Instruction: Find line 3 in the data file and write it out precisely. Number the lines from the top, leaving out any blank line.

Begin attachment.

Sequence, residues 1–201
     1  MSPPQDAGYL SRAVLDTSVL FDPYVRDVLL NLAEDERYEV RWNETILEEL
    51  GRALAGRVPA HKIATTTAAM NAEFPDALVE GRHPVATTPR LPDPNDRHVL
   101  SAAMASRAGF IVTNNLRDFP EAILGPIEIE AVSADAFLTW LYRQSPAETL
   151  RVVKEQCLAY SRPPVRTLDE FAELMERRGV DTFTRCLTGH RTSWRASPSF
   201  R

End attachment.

    51  GRALAGRVPA HKIATTTAAM NAEFPDALVE GRHPVATTPR LPDPNDRHVL